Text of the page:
Move over Die Hard, Christmas has a new favorite action flick. Deadpool 2 gets a retelling as PG-13 movie. Bringing in a special guest and shooting some extra footage, the Deadpool team returns to give us a family-friendly version of the Merc With A Mouth. With extra laughs, new never-before-seen footage, and new faces, Once Upon A Deadpool is sure to be fun the whole family can enjoy. Ryan Reynolds who plays the titular character has been saying “no” to a PG-13 Deadpool for years. He finally caved to a PG-13 release with a couple of conditions…
Less an artistic leap forward than a strictly commercial one, Widows, director Steve McQueen’s (12 Years A Slave, Shame, Hunger) six-year-in-the-making follow-up to the 2012 Best Picture winner, 12 Years a Slave, tries to strike a path between The Wire-influenced social and political commentary and a conventional heist thriller with a semi-subversive gender twist. It almost succeeds, largely due to McQueen’s keen eye for visual composition, intuitive sense of pacing, and an incredibly strong, talented cast that begins, but doesn’t end, with Academy-Award Winner Viola Davis (Fences), Australian actress Elizabeth Debicki (The Night Manager, The Great Gatsby), Michelle Rodriguez (the never-ending Fast & Furious series), and Tony winner Cynthia Erivo (Bad Times at the El Royale). And that’s just the top-line cast. Several paragraphs can be devoted to every perfectly cast, note-perfect performance in Widows. (more…)
When Fantastic Beasts and Where to Find Them went all Scooby Doo on moviegoers two years ago, swapping out a Colin Farrell mask for a Johnny Depp, a hundred million Harry Potter fans cried out in agony and disappointment. Whatever his personal failings (many, by tabloid accounts), Depp had long lost his luster as a genre leading man, devolving into one of the highest paid cosplay performers in Hollywood. It’s not that Depp, once considered a talented, if eccentric, performer, can no longer act. It’s that Depp has lost interest in acting ages ago, exchanging goofy accents, over-broad physical acting in exchange for one lucrative paycheck after another. Not that there’s anything wrong with that, of course, but Depp and his steady descent into a caricature of himself mirrors the diminishing returns of Fantastic Beasts and Where to Find Them and Fantastic Beasts: The Crimes of Grindelwald, a prequel/spin-off series set in J.K. Rowling’s Harry Potter cinematic universe. (more…)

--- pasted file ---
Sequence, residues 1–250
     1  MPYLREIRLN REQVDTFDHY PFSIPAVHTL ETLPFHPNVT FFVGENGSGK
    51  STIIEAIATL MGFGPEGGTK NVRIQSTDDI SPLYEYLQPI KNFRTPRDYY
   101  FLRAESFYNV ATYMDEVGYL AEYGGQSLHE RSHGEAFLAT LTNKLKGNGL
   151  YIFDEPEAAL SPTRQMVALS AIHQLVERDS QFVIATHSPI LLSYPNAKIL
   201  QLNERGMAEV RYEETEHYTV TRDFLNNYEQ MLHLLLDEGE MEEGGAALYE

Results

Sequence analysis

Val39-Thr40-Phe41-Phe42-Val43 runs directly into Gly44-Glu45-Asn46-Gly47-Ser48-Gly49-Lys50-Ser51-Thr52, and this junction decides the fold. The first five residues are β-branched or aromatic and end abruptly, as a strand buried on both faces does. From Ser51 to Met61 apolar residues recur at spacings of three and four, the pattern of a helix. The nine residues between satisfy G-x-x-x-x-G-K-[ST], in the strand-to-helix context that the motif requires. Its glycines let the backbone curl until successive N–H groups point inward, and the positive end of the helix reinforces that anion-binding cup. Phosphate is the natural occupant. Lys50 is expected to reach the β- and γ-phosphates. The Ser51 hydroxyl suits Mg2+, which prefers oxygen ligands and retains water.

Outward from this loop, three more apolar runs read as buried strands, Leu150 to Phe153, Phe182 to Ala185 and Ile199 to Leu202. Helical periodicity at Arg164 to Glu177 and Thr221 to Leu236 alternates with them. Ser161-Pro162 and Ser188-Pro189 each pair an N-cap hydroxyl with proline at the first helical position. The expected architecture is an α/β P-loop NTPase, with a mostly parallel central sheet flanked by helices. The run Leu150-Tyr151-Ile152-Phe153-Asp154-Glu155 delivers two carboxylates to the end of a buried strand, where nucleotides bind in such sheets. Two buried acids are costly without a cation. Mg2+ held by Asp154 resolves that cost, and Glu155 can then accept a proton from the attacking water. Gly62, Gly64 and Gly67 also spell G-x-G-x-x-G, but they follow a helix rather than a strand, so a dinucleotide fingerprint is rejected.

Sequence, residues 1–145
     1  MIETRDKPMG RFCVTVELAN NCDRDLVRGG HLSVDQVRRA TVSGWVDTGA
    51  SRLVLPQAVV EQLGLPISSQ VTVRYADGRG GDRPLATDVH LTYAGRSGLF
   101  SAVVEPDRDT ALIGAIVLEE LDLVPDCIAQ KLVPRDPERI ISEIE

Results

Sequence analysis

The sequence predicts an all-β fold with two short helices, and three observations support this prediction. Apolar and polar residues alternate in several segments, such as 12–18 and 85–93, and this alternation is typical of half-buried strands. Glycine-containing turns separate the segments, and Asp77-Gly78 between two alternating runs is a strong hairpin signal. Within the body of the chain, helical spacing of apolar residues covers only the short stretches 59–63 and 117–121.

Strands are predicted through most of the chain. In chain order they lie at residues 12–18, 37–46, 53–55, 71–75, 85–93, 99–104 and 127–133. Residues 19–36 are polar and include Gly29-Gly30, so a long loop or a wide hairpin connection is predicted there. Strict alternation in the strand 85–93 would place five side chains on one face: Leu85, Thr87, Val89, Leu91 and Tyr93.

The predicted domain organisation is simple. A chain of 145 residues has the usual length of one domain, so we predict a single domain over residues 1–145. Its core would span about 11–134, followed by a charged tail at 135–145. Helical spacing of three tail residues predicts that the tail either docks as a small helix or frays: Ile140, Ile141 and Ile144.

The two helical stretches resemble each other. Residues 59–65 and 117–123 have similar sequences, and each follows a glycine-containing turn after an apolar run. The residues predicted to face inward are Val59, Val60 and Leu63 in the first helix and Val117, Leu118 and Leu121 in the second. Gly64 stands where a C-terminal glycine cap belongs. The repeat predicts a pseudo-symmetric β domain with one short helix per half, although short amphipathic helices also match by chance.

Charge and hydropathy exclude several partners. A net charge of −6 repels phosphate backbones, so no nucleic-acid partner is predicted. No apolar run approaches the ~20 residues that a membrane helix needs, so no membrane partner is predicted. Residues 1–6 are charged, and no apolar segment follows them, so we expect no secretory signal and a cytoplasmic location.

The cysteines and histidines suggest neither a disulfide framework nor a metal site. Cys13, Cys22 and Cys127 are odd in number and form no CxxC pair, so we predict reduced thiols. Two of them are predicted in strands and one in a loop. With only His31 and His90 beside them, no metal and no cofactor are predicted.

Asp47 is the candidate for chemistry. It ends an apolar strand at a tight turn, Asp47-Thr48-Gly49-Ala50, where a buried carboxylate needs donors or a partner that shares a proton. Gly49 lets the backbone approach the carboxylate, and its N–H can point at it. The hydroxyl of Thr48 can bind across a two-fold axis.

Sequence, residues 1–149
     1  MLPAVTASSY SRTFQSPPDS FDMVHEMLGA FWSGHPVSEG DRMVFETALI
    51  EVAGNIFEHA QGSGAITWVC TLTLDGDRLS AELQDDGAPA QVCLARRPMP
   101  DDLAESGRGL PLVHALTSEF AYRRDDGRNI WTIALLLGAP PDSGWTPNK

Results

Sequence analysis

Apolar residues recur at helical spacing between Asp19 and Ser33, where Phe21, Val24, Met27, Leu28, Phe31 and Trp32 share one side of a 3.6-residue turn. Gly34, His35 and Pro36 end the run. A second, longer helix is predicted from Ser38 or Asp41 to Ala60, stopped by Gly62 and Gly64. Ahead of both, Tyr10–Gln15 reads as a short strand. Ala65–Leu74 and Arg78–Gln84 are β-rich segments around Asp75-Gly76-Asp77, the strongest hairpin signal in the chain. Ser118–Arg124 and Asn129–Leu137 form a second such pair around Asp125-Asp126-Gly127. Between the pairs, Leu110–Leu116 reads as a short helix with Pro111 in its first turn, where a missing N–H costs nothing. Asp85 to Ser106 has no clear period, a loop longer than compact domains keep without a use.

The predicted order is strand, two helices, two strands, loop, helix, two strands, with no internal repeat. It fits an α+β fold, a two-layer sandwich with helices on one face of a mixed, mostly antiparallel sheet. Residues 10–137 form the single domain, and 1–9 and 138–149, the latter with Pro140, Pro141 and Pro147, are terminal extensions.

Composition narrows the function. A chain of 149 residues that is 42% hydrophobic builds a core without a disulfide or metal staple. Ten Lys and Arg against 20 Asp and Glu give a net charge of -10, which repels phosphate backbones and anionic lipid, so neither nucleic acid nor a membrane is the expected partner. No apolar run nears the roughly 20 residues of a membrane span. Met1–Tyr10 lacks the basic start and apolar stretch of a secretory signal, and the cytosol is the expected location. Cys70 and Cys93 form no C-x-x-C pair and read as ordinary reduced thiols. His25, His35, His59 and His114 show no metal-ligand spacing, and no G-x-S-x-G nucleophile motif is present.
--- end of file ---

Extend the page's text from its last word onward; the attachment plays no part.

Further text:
It is with heavy hearts that we regretfully relay the news that Stan Lee has passed. Stan was 95 with reported health issues including hearing loss, loss of vision and fights with pneumonia. Stan Lee was a co-founder of Marvel Comics and created many heroes loved the world over, instantly recognizable even by people who aren’t fans of the comics or the movies. There’s no escaping Stan Lee’s influence on the world he leaves behind.